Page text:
QuickBooks Self-Employed Review

By Jamie Bsales | Posted July 18, 2016

We love Intuit's QuickBooks. We’ve reviewed QuickBooks several times over the years, and we use QuickBooks to help run a small business. So why did we tackle this QuickBooks Self-Employed review?

Because as much as we love QuickBooks, we would never, ever recommend it to a freelancer or to a consultant looking for a way to track income, expenses, and estimated taxes. It’s overkill for what sole proprietors need and, frankly, it's not worth the trouble it takes to overcome the learning curve.

[Don't miss this article: Expense Management Software for Small Business]

That’s why most self-employed individuals muddle through with an Excel spreadsheet, a folder full of receipts, and a gut feeling as to what to send Uncle Sam each quarter. But QuickBooks Self-Employed is a different story altogether. Intuit tailored QuickBooks Self-Employed (QBSE) to fit the exact needs of the self-employed: a way to keep track of money in and money out without the complexity of a full-fledged accounting-package.

This QuickBooks Self-Employed review explores the following features. Clicking on a link below will take you directly to that feature.

QuickBooks Self-Employed Review: mobile app main page

Intuit designed QBSE to be a mobile service, and the app lets you categorize and track expenses and income on the go.

QuickBooks Self-Employed Features

A Web-based service, QuickBooks Self-Employed addresses three essential challenges that micro-business owners face: tracking business income, separating personal expenses from business expenses (including car mileage), and calculating estimated income taxes due each quarter from self-employed filers. Ancillary features include reporting, online invoicing, and exporting income and expense data to Intuit’s TurboTax—if you so choose.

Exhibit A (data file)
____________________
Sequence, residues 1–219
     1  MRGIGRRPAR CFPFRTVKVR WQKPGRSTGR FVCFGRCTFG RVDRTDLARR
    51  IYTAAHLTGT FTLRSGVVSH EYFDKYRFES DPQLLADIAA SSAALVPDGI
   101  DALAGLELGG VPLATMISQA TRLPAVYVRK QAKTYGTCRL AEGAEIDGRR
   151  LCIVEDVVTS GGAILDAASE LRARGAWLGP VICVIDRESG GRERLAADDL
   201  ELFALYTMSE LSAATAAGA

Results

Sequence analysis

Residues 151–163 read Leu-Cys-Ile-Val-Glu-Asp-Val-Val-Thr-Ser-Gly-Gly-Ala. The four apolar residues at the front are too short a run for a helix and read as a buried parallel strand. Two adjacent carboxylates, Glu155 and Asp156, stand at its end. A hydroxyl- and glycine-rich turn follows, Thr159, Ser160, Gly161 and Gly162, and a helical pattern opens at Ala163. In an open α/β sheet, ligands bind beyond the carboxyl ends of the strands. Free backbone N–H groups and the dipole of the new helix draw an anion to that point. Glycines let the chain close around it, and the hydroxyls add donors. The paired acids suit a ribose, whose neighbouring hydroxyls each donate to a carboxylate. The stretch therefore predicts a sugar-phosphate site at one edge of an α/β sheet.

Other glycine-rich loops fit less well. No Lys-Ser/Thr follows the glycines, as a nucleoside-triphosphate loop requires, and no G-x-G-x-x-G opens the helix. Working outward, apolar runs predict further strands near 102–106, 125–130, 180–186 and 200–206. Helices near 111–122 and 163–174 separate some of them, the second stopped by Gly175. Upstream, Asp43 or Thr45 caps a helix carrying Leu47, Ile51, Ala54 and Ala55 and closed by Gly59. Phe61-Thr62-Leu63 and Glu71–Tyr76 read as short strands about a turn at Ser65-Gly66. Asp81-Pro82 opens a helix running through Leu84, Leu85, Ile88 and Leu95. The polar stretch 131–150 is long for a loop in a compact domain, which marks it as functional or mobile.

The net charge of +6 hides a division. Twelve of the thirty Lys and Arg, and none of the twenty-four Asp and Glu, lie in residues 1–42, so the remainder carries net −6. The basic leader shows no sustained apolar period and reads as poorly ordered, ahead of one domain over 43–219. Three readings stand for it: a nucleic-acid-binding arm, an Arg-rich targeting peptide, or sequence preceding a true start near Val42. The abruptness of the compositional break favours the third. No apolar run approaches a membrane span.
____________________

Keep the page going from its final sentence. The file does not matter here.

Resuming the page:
Instant—and even automatic—transaction categorization makes QBSE worth the price of admission. To get the most out of the service, you’ll want to link your bank and credit card accounts with your Intuit account. You can easily accomplish this when you set up QBSE. The site even guides you through importing previous transactions from a file that you can download from most online banking systems. That lets you include your financial history back to January 1 of the current tax year.

QuickBooks Self-Employed Review: homepage dashboard

You can also log onto your QBSE account from any desktop or laptop Web browser. The dashboard-like home page shows your year-to-date business income and expenses.

Thereafter, any transactions that post—credit card purchases and bank deposits/withdrawals—will appear in your QuickBooks Self-Employed transaction log. You can then assign each entry to a category (personal, business, or split), and QBSE will ignore the personal ones and only calculate taxes, deductions, and P&L (profit and loss) on the business transactions. That means you don't have to maintain a separate credit card and checking account for your micro-business.

Even better, you can further categorize business expenses according to the IRS-approved deduction categories (found on the all-important Schedule C), such as Advertising, Assets, Commissions and Fees, Repairs and Maintenance and so on.

QuickBooks Self-Employed Review: mileage tracker

The mobile app automatically calculates mileage as you drive, and it packages each jaunt into a trip that you can designate as personal or flag as business mileage for a year-end deduction.

QuickBooks Self-Employed: A Mobile Focus